My journey as a caregiver has seen much progress. In part 1, we ended with some useful recommendations on caregiving. From those recommendations, I have since learned how to pace myself preventing a burn-out. Here, I will explore and share a few.
The first Sunday evening of that first weekend I was frazzled. With the house chores, cooking, washing, grocery shopping, banking etc all left me burnt out. It took me two consecutive weekends to understand how to manage things efficiently.
Remembering, I have my own family, I had to find a way to balance all the added chores. By the third weekend, my time management skills had to come into effect. This was the plan I had to work out:
- Cooking: I started preparing for the weekend from Friday night for the weekend cooking by taunting out meat for both Saturday and Sunday dinner, for example.
- Washing: I had to devise a plan to manage both my washing and that of my parents. The first two weekends, I took some of my washing with me. That was a bit of a disaster. It became too tiring even with help from my beloved. He too got tired from the added weekend activities. So during the week, I would do my personal washing, and then on the weekend, my parents if the need arose.
- Other Duties: Time management became prudent for efficiency, all the activities had to be accomplished within a timeframe. The clock became my best friend. In the end, it worked, and I was able to complete all I had to, without the burnout. I learned fast.
Self-care I had to strategically manage. Because I managed my time, all the task and duties were accomplished, and by 3:00 pm on a Saturday afternoon, my family and I would visit the beach to soak up some warm sea water.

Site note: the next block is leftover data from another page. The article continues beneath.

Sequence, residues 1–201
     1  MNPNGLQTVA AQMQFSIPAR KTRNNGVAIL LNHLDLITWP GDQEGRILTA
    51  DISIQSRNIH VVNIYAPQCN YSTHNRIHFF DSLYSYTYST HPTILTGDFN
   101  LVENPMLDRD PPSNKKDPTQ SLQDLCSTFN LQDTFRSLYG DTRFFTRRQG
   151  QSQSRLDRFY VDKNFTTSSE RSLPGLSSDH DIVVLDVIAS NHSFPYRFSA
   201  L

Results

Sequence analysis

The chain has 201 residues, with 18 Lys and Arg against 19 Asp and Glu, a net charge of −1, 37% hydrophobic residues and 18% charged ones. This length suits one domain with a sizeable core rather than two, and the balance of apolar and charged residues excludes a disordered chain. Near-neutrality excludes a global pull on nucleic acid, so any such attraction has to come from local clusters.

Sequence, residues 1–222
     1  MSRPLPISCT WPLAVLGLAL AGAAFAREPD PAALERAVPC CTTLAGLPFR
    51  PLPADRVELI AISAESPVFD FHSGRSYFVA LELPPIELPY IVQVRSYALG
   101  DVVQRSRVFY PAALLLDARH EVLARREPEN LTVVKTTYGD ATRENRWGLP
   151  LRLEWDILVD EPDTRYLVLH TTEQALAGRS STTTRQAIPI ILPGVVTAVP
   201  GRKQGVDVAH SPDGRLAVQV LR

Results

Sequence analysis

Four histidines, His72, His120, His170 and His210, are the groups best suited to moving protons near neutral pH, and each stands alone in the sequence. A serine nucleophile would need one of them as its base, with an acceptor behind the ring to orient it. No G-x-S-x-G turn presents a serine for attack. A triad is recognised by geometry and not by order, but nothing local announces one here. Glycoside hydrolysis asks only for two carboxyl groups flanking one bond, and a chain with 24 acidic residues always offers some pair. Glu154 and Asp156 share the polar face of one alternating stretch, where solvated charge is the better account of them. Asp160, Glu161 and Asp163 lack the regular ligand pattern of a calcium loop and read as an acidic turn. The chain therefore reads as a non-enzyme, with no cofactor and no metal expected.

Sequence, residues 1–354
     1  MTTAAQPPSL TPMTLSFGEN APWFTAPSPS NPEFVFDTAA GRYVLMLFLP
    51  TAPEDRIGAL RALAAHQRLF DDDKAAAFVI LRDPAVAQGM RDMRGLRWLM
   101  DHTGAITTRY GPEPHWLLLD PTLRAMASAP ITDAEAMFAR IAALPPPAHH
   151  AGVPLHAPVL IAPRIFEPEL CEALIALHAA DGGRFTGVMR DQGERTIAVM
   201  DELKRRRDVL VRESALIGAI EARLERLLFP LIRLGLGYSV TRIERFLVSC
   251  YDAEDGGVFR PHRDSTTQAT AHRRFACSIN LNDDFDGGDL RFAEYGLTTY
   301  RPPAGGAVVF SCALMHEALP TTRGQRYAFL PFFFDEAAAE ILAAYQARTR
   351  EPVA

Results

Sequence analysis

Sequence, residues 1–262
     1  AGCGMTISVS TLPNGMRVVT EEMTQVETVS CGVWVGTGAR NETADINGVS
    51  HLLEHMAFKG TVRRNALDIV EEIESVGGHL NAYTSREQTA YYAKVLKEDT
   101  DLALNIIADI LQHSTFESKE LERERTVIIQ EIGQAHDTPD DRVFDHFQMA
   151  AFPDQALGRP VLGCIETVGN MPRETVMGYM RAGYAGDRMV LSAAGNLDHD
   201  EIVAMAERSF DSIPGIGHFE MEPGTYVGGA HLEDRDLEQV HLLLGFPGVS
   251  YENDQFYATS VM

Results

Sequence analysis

Talk about therapeutic. The sea water totally did my aching body a whole lot of good. The calmness of the water, alone, brought me a peace of mind.
Another destresser was admiring nature and taking time out to breathe. I took pictures of the beautiful nature around. Just to admire the colors and how the sun hit the petals calmed me, giving me a perspective that life is short, and we must not waste time worrying about things we can’t fix, like an ailing parent, child or friend.
Over the past seven weeks, I watched my ailing parent gradually improved. And as healing comes to him, I too am given a chance to really appreciate life and its small insignificant benefits, which in the end are not so insignificant.
Exploring the idea of caregiving has led me to live a life of gratitude. Appreciating health, and respecting the sacrifices of my parents when they were taking care of me.
I am living a grateful life, going forward.
Photographs – courtesy of @keggiee